After the fighting stopped in 1848 Jack Hays mustered out of the Army to resume his surveying career, while the Texas legislature recognized his service both to his state and his country by naming Hays County in his honor.

In the same year 1848 Jack Hays’ career almost came to an untimely end when he led an expedition into the Big Bend of the Rio Grande, at that time terra incognita to all but a few Indians. The object was to find a wagon route from San Antonio to El Paso (and eventually to the Pacific). Hays and his thirty-four companions set out the first week in September with an inaccurate map and a guide who didn’t know the way. Before the month was over they had killed and consumed their mules and began eating bear grass. By the time the exhausted party stumbled into the dusty streets of San Carlos on the Mexican side of the river they had been without food for twelve days. Eventually the party made it into Presidio, but the men were in no condition to continue to El Paso, still 150 miles away, and Hays decided to return to San Antonio. As a result of this disastrous trip, Hays recommended and the government accepted a more northerly route still traveled today.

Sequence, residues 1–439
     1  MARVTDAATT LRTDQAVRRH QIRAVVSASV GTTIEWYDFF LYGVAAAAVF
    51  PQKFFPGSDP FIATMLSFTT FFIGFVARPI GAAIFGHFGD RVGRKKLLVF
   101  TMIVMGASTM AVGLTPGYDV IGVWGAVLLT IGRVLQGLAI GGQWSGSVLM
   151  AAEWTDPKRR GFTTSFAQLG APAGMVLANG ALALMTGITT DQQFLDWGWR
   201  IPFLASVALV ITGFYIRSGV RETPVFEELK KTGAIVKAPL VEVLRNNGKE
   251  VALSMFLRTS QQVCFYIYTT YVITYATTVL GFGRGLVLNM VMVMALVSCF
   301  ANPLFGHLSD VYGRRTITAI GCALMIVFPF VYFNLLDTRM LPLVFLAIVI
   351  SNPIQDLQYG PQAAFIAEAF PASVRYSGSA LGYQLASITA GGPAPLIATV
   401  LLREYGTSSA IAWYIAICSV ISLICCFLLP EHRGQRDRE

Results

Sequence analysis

The treaty of Guadalupe-Hidalgo that ended the Mexican war had put the United States on a collision course with Texas over the boundary of New Mexico Territory. Hays served on a commission created to settle the dispute, which ended with the "Compromise of 1850" that created the present Texas-New Mexico boundary.